Link click hijacking

This attack vector is based on a user clicking on a link in either the browser or a messaging app or anywhere else a clickable link may be shown on Android in order to open the appropriate app. The user would assume either the browser to open said link or the legitimate app to be opened.

Given the malicious app has registered Intent-filters for the host name of said link, the user will be redirected to the malicious app instead. Also, since the malicious Intent-filters were delivered by an update and the malicious app features an App Link configuration of its own which has already been validated, no prompt will be shown. The user will be redirected to the malicious app without confirmation.

This has been observed on Android versions up to but not including 12, as shown in Table 2. Installing the legitimate app to handle a given App Link mitigates this issue entirely.

Table 2: Link click results
Android Version API Level Malicious redirection w/o legitimate target app installed Redirection w/ legitimate app installed
Android 9 API 28 Yes No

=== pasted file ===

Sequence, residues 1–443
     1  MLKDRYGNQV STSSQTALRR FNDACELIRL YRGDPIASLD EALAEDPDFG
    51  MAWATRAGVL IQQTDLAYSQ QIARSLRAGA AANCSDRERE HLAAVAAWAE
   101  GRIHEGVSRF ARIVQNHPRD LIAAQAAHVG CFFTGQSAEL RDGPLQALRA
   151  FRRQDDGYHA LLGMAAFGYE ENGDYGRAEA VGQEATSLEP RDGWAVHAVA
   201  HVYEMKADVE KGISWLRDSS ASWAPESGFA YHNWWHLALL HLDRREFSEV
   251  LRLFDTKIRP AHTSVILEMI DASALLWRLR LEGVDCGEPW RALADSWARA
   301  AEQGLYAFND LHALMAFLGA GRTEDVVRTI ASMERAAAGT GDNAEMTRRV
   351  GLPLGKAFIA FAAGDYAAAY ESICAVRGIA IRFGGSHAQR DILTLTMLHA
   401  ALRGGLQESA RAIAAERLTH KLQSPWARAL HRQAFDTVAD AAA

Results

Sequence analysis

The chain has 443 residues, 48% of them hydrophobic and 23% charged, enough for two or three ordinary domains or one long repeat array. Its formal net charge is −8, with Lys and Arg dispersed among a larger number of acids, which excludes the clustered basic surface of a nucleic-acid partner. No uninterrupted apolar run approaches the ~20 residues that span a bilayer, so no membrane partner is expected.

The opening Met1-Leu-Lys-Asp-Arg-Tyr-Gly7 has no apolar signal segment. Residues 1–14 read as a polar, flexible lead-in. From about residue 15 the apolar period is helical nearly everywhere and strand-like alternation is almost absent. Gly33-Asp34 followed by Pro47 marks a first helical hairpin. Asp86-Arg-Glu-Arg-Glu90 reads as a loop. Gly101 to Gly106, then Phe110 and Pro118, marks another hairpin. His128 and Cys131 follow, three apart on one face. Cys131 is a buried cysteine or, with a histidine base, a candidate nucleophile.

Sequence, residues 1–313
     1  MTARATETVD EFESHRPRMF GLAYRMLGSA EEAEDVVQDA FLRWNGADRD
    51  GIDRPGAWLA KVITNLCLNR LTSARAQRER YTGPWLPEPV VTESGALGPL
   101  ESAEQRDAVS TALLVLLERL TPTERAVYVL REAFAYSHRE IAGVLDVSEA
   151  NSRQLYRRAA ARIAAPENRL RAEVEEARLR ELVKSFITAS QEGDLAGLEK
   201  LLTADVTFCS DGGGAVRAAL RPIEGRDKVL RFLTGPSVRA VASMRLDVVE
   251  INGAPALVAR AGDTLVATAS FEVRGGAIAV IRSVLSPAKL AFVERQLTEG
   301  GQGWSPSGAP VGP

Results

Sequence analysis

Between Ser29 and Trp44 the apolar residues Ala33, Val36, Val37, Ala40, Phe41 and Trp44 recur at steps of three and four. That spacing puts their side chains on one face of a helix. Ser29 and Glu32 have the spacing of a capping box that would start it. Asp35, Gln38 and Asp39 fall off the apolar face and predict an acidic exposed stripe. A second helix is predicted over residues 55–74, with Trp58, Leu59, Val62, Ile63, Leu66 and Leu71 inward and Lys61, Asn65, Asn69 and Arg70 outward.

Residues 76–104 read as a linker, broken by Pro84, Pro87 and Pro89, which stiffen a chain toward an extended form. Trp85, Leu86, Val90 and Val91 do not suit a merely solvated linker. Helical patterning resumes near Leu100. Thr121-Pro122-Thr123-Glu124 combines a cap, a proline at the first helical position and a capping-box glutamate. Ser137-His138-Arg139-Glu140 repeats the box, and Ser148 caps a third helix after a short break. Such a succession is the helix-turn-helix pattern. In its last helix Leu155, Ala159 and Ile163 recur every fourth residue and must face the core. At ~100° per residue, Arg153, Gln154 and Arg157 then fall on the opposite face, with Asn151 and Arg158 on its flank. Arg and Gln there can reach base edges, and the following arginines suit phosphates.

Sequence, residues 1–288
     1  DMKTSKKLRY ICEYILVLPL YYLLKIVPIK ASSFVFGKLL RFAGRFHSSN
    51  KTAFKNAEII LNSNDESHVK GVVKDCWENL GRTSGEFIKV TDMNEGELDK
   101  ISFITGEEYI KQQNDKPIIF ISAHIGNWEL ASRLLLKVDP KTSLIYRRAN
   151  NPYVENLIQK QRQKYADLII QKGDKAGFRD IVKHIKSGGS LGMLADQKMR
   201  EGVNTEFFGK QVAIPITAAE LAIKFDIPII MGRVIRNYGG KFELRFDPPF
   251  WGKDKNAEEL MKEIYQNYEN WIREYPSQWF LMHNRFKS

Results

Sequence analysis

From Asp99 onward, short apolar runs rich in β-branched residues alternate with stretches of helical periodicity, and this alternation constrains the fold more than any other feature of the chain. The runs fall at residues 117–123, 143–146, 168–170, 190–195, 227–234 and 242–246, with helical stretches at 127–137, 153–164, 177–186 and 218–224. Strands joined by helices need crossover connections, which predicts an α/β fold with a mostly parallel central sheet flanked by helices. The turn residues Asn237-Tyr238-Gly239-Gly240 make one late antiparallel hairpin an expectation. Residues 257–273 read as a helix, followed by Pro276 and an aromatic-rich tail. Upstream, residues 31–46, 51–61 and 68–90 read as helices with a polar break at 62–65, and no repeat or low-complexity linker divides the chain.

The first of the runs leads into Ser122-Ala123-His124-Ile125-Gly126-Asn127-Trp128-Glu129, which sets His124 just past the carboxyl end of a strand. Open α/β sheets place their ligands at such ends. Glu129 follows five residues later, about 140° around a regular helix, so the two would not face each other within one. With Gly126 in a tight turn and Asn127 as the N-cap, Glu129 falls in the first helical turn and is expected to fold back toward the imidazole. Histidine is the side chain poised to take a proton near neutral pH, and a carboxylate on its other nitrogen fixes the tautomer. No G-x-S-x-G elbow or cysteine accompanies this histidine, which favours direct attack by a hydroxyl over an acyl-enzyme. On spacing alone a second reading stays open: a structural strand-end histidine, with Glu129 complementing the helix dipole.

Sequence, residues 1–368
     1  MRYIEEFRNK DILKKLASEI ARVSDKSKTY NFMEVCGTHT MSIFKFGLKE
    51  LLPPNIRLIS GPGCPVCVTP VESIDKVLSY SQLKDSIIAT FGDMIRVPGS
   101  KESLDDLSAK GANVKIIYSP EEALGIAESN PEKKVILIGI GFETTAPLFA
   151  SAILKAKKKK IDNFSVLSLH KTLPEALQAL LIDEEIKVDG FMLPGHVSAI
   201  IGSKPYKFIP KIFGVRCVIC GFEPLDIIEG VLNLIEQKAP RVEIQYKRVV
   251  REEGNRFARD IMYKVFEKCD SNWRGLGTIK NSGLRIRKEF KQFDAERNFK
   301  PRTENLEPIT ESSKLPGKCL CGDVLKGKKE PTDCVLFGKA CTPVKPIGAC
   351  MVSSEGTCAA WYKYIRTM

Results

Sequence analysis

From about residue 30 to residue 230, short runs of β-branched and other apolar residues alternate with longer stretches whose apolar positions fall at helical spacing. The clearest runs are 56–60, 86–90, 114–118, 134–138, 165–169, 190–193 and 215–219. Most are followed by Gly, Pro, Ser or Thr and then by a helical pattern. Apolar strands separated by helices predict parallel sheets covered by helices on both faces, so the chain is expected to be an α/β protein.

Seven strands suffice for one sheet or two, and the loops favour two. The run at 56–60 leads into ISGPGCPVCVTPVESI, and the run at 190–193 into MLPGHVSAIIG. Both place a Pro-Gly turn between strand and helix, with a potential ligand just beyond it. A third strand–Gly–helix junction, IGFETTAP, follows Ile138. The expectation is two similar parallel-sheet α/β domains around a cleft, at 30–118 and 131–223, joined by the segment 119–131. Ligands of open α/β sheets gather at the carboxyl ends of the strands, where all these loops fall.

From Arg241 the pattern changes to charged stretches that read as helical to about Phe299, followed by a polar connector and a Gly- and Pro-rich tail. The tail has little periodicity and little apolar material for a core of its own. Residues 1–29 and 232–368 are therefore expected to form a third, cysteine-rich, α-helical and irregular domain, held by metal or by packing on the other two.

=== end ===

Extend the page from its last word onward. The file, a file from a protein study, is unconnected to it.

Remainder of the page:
Android 10 API 29 Yes No
Android 11 API 30 Yes No
Android 12 API 31 (and 32) No No
Android 13 API 33 No No

Link hijacking with Smart Text Selection (STS)

The second attack vector involves Smart Text Selection (STS). It is a feature introduced in Android 10 (API 29). It allows a user to select text and have Android suggest actions on that selection. This could be websites, documents or anywhere selectable text is shown.

These suggestions, among others such as copy/paste, also present apps, should an App Link be selected.

With the same setup as before, should a malicious app register Intent-filters of the given host name, the user will be shown an option to open the selected link in the malicious app. Given the App Link configuration has been validated, once again no prompt will be shown to the user.

This behavior has been observed on both Android 10 and 11. Android 9 did not yet feature STS and is therefore unaffected, as shown in Table 3.